In lieu of an abstract, here is a brief excerpt of the content: The Master and the Dean: U of Missouri P,
Bev Hogue Abstract In The Master and the Dean, Rob Davidson describes Henry James's Prefaces to the New York edition of his novels as "an elaborately choreographed performance by an idealized artist figure with a didactic mission" to create and educate an audience for his fiction If James attempted to choreograph his career through literary criticism, however, he did not dance alone; rather, Davidson's study portrays Henry James and William Dean Howells as engaged in a decades-long transatlantic dance both cooperative and competitive, each author alternately leading or following, occasionally treading on the other's toes but always recovering elegantly.
No longer ossified in their aged visages, James and Howells come alive as Davidson brings their younger, more flexible selves to the forefront and then patiently follows the gradual change, growth, and development of ideas in their literary criticism.
Others have attempted to diagram this complex dance, and Davidson draws on the important contributions of scholars like Michael Anesko, whose Letters, Fictions, Lives: Henry James and William Dean Howells explores the ongoing conversation carried out through the two authors' letters, biography, and criticism.
Despite continuing interest in James and Howells's lives and letters, however, the authors' literary criticism has received less attention, and much of that has been focused on a few highly influential works, such as James's Prefaces and Howells's problematic Criticism and Fiction.
Davidson, on the other hand, considers the entire range of criticism written by both men, including frequently overlooked critical works such as the flawed but interesting Heroines of Fiction by Howells.
Master and Dean is arranged chronologically in three large sections —, —, and — ; within each section, Davidson examines the authors' critical essays individually and in dialogue with each other.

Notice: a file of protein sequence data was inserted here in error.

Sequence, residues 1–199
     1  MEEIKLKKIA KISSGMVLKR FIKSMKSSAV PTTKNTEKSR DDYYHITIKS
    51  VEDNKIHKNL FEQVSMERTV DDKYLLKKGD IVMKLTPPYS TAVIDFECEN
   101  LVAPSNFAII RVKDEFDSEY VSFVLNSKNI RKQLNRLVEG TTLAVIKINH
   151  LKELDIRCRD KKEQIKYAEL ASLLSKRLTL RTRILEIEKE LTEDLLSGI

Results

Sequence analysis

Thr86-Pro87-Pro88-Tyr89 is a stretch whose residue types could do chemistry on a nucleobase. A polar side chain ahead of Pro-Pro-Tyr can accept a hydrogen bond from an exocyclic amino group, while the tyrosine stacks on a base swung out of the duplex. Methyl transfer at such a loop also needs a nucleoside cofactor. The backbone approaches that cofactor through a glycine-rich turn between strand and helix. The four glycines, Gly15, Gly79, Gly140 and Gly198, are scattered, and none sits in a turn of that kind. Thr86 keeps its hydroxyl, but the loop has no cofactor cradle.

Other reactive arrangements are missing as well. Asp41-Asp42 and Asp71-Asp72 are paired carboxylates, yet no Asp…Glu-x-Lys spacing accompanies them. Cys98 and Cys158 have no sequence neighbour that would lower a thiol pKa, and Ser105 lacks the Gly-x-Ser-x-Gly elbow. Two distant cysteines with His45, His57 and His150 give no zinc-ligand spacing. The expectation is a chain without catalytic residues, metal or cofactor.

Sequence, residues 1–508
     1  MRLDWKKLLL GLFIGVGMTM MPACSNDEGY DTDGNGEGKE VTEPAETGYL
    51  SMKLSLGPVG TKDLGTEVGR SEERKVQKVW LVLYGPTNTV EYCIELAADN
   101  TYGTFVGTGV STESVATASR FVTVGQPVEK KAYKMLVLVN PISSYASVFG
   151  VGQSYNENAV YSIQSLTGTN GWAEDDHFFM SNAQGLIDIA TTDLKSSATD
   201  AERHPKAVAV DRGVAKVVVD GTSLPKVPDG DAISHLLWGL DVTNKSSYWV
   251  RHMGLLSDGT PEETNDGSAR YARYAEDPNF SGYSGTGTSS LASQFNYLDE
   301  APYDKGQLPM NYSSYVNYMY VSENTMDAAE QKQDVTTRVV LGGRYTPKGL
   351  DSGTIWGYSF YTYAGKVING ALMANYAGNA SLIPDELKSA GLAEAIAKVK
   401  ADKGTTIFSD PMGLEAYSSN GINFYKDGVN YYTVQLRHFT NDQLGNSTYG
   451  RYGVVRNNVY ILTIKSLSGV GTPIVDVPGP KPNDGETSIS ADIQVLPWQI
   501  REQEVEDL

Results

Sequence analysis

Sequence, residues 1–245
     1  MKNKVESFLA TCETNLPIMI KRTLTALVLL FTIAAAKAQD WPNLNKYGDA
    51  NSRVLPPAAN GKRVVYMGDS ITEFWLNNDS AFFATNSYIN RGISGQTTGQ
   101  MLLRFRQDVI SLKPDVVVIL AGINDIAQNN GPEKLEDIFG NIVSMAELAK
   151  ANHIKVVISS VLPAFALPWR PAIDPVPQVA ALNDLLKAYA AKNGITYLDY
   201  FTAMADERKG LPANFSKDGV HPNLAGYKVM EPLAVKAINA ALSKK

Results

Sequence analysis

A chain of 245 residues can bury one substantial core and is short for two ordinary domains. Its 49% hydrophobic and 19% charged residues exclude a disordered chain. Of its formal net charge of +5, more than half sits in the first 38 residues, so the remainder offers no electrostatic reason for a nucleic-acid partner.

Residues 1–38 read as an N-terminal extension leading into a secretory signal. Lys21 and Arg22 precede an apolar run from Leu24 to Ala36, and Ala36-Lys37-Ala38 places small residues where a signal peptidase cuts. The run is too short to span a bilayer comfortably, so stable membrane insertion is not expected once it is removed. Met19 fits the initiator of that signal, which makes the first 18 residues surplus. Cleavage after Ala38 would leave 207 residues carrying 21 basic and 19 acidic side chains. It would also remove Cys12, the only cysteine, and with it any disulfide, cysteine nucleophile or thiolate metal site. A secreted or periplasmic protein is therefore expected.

As a result, the published criticism begins to resemble an intense, passionate conversation conducted in extreme slow motion.
Despite the two authors' obvious differences, the long-distance conversation created through their criticism shared one overwhelming purpose: Sometimes this required some shoving.
For instance, Howells's essay "Henry James, Jr. The essay also betrays "James's discomfort with Howells's small perception of evil" ; indeed, James considered Howells's experience too small and his conception of fiction too shallow to allow true art to take root, but the Master was determined to avoid the Dean's errors by writing criticism that would "create a space for his own creative works to be appreciated" Howells, meanwhile, wondered whether the space James was defining for himself might be too small, his ideal audience too narrow; early in their relationship, he "senses that James writes to an insular audience of initiated, educated readers" This jockeying for space is evident in the debate over James's biography of Hawthorne, which had at its heart "the larger question of how to view America.
The conventional wisdom tends to agree with James, but Davidson discovers a more complex story in the criticism itself.
Unraveling the complicated publishing history of the essays collected in Criticism and Fiction, Davidson traces the development of Howells's aesthetic and examines the effects of the shifting contexts of the "smiling aspects" passage. Further, by considering the entire range of Howells's criticism, Davidson reminds us that Howells, though often perceived as a one-note writer, "explored an impressive range of rhetorical styles and critical voices, frequently blurring the boundaries between the 'literary' essay and other genres, including fiction and sociocultural reportage" 5.
Howells's later criticism provides particularly fertile ground; for instance, Davidson asserts that in "The Art of the Adsmith," Howells "presciently identifies the blurring of distinction between high art and Do you want to read the rest of this article?The Master and the Dean: The Literary Criticism of Henry James and William Dean Howells (review) Bev Hogue MFS Modern Fiction Studies, Volume 52, Number 3, Fall , pp.
(Review) instance, Howells's essay "Henry James, Jr." ignited a firestorm. Home › Literary Criticism › The Realism of William Dean Howells.
The Realism of William Dean Howells This sounds much like T. S. Eliot in his essay “The Function of Criticism,” where he claimed to be diverging from Arnold and suggested that the critic’s function was disinterested “comparison and analysis.” Diary Analysis.
A literary movement that started in the late s and s and originated in reaction to traditional criticism that new critics saw as largely concerned with matters extraneous to the text, e.g., with the biography or psychology of the author or the work's relationship to literary history.
critical analysis of the artistic principles of william dean howells's criticism and ji'ictiou by lvieans of a comjarison with aristotle's poetics.
Anthropological Criticism: An Essay By Nasrullah Mambrol on June 22, • (0) Anthropological criticism refers, broadly speaking, to a form of criticism that situates the making, dissemination and reception of literature within the conventions and cultural practices of human societies.
This essay challenges received readings of William Dean Howells's A Modern Instance and well-established critical assumptions that associate his realist project with public male legal discourse and define it strongly against presumptively feminine rhetorical strategies like sentimentality.